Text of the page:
Microsoft Dynamics GP is a right-sized business solution designed to meet the demands of your small to medium-sized business. In today’s fast-paced business environment, our clients find themselves wearing multiple hats, multi-tasking, and being asked to increase throughput quickly with much smaller staffs.
A successful Dynamics GP implementation can of course be measured in terms of feature-rich functionality, or sound and scalable architecture, but I believe the best measure of a successful implementation is user adoption and satisfaction.
What drives user adoption and satisfaction with their Dynamics GP system?
First, a little about my background…
I’ve been an IT Project/Program Manager since before the Year Turned 2K, responsible for building and managing client relationships, and rolling out many different technologies on almost as many platforms. (I cut my IT teeth on VAX/VMS systems, swapping out HUGE hard drives bigger than a pizza box, and before that, one of the first IBM workstations that actually had truly “floppy” 8” disks for loading the O/S and program every time you booted up.)
Technology has improved a thousand-fold since then (or even more if you like to measure such things), but from my center court vantage-point coaching users and technical teams, here’s what I’ve learned contributes to user adoption and satisfaction, from the client’s standpoint:
- Did the system deliver on our fundamental problem statement? Learning our client’s underlying business objectives is the key to ensuring your Dynamics GP configuration delivers value. This means asking clarifying questions and seeking to understand the corporate goals and drivers that prompted this investment. A client’s business objective does not prescribe the exact technology solution or design, but instead provides high-level guiding vision and touchstone for the team to ensure they are on-track throughout the course of the project. (Sample Business Objective: Reduce Amount of Time to Perform Month-End Close.)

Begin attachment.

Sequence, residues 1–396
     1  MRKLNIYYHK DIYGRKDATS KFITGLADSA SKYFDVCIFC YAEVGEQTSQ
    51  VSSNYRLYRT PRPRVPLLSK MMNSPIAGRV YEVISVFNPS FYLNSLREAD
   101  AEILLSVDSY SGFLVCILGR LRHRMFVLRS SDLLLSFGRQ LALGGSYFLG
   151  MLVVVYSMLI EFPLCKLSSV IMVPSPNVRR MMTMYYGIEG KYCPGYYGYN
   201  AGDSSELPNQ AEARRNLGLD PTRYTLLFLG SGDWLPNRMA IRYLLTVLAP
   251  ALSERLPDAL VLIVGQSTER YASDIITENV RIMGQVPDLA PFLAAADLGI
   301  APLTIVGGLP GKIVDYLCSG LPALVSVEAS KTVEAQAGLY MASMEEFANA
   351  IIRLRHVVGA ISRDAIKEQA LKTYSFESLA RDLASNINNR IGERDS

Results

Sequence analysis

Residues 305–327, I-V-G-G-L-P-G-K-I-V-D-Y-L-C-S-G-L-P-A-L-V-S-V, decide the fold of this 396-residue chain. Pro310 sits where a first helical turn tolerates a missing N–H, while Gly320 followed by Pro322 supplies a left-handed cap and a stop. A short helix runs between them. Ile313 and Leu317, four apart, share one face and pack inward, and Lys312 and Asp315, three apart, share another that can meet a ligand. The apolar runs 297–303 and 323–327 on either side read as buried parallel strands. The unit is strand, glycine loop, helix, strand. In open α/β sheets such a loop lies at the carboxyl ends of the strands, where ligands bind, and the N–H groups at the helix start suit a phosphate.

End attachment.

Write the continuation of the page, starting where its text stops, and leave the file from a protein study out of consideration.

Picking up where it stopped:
- I don’t know exactly what I need – help me see what’s possible: Our Design Workshops are led by skilled Functional Consultants to provide a structured tour of Dynamics GP on a development system configured per Microsoft and Tridea’s combined best practices. This forum allows the client to see the features the system provides, while the GP Functional Consultant actively interviews them about their current process, pain points, and offers suggestions about configuration parameters. By this means, we can collect a complete and comprehensive set of configuration requirements, while also beginning to train users on the Dynamics GP experience.
- Involve End-Users in Testing: Encourage your client to include members of their team in User Acceptance Testing phase. Not only do the end-users provide valuable testing results and insight, but the testing process offers an early stage for training and helps the users gain familiarity with the end-to-end process and user interface before the go-live date.
- Help with Cutover Preparations: Implementation projects can be very stressful because there are many tasks that the users need to perform in order to prepare their data and underlying processes for the new system. (For example, GL, Inventory, Item ID clean-up.) Developing checklists, providing current system data exports and providing best-practice input are aids to busy clients to help them complete the pre-migration work to ensure clean and organized source data for the new system. This up-front investment results in a healthier dataset in Dynamics GP, so time can be spent using the new tools, as opposed to performing data QC.
The foundation of trust in the new system is earned when we partners closely with our stakeholders from the beginning, actively soliciting and listening to their needs, and supporting them throughout the testing, training, and cutover process.
This article was written by Juanita Schoen, Dynamics GP Project Manager for Tridea Partners. Tridea is a leading Microsoft Dynamics provider serving CA, AZ, UT, CO and surrounding regions.